The Scarlet Letter's Big Question

March 21, 2011

Nathanial Hawthorne the author of The Scarlet Letter tells a story of a woman named Hester Prynne, who has been caught committing adultery in the Puritan society and must wear an embroidered “A” on her chest. Throughout the whole book the town’s people despise her and some even want to end her life for this sin. Her daughter, Pearl, conceived through sin, is considered evil. Daughter and mother are shunned by this Puritan society, and this sin haunted them throughout this book, and became Pearl’s identity. Hawthorne brings up the question while reading, “Can evil actions produce good consequences?” Many of us would say that sin is sin and cannot, nor never will be forgiven. Hawthorne agrees that though you can be forgiven, you must still bear the consequences. We can gain support in the text by seeing Hester shunned for life because of one sin of adultery which produces a child.

Hester is a strong and rebellious character. She has not always done wrong as the townspeople may judge, and she still honors her society and religion and lives in it. She stays faithful and true to her God. She knows she committed a sin and that her punishment is to wear the scarlet A. She knows that society will never forgive her. She took all of the external punishments upon herself, which she bore for seven long years, because she felt worse about what had happened to Dimmesdale; “but she could not bear the frown of this pale, weak, sinful, and sorrow-stricken man.”(177)

Hawthorne is trying to explain that Hester grows from her sin; she quietly bears the consequences given to her by society, and so even though her sinful actions cannot produce good, she can learn and grow beyond the sin.
The scarlet letter was her passport into regions where other women dare not tread. Shame, despair, solitude! These had been her teachers- stern and wild ones- and they had made her strong, but taught her much amiss. (182)

This is telling us that she fully accepts the punishments inflicted upon her and thus grows and is able to rise above her sinful actions.

The Puritan society believed that if the mother of a child had sinned, that the offspring of the mother would also be forever condemned; “an evil imp”. Pearl is described to be an evil and suspicious child. She says the following:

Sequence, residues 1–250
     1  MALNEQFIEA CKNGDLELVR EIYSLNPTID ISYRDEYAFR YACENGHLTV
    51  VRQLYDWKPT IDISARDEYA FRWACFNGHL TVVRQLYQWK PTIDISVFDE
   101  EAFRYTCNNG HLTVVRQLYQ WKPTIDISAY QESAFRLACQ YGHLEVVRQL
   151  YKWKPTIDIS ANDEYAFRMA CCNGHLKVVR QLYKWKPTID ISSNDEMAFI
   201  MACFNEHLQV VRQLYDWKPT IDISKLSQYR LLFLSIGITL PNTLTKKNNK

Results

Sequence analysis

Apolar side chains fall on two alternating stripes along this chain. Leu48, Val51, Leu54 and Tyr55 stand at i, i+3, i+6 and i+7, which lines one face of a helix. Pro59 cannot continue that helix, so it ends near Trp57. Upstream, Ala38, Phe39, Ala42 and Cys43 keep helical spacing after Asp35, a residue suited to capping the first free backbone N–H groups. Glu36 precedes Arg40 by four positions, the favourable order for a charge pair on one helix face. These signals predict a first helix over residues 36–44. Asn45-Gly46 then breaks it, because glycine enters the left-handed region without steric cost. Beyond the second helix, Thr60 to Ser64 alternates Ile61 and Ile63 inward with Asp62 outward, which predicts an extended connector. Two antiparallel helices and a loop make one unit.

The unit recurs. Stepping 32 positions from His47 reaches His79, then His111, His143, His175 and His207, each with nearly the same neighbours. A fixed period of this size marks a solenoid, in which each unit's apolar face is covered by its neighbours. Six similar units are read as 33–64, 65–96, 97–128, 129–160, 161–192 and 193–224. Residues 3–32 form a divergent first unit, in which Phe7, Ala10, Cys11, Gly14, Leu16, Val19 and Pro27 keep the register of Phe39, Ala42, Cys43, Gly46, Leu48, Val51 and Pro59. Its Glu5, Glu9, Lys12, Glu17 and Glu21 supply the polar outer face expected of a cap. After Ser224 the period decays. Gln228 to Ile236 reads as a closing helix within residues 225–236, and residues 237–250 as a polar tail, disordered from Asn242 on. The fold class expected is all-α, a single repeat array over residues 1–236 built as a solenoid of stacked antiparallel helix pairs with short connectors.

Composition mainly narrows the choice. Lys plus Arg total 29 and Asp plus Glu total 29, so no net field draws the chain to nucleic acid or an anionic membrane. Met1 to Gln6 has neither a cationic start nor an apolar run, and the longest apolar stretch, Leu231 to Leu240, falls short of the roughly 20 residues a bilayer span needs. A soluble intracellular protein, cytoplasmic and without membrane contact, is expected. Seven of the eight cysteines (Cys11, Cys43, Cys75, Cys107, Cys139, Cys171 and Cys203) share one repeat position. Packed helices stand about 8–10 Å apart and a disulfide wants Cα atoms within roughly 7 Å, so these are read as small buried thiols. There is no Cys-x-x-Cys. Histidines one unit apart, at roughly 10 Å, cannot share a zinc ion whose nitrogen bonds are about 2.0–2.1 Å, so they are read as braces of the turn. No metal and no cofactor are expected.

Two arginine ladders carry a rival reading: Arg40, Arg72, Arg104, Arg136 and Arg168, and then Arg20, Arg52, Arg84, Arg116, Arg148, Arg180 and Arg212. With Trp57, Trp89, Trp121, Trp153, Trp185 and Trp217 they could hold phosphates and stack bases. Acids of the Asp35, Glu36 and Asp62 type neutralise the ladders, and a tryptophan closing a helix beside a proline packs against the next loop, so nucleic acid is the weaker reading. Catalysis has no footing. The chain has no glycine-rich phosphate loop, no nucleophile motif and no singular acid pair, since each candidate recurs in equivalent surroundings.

The sunshine does not love you. It runs away and hides itself, because it is afraid of something on your bosom. Now see! There it is, playing, a good way off. Stand you here, and let me run and catch it. I am but a child. It will not flee from me, for I wear nothing on my bosom yet! (166)

Pearl simply states that her mother cannot be seen with the sun for it runs away from her, because of her scarlet letter A. However, Pearl says that she does not wear anything on her bosom yet; which tells us that though society may view both mother and daughter as evil, Pearl herself seems to understand that she is not. Unfortunately, Pearl is condemned by society for even existing, thus showing that the evil committed by her mother produced only unfortunate consequences for her child.

The sin of adultery produced only unfortunate consequences for Dimmesdale as well. He bore his internally, but the weight of the sin was eventually too much to bear. “He was broken down by long and exquisite suffering” (183) He was struggling with the balance between being a hypocrite and being a spiritual leader. We know he is feeling guilty because he is constantly putting his hand over his heart; which we come to know is his secret “A”, which he has burned into his flesh.

We can see throughout this story that the Puritan society was unforgiving and relentless. They condemned both Hester and Pearl outwardly because of the sin of adultery. The man Dimmesdale suffers in silence, knowing he would have the same fate should he announce himself as Pearl’s father. Thus we see that evil actions cannot produce good consequences; each character in the story had to bear his or her own consequences. The sin may be forgiven, and lessons learned, but all actions have consequences.

Similar Articles


This article has 0 comments.


MacMillan Books

Aspiring Writer? Take Our Online Course!